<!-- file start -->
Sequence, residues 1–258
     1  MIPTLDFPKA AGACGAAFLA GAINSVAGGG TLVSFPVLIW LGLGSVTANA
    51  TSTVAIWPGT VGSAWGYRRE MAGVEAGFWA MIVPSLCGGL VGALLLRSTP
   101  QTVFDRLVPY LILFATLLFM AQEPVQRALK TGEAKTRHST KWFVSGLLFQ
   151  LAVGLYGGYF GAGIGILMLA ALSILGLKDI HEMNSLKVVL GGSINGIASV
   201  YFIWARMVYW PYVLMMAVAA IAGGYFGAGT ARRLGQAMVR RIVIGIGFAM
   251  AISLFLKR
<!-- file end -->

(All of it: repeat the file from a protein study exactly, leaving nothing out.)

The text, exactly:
Sequence, residues 1–258
     1  MIPTLDFPKA AGACGAAFLA GAINSVAGGG TLVSFPVLIW LGLGSVTANA
    51  TSTVAIWPGT VGSAWGYRRE MAGVEAGFWA MIVPSLCGGL VGALLLRSTP
   101  QTVFDRLVPY LILFATLLFM AQEPVQRALK TGEAKTRHST KWFVSGLLFQ
   151  LAVGLYGGYF GAGIGILMLA ALSILGLKDI HEMNSLKVVL GGSINGIASV
   201  YFIWARMVYW PYVLMMAVAA IAGGYFGAGT ARRLGQAMVR RIVIGIGFAM
   251  AISLFLKR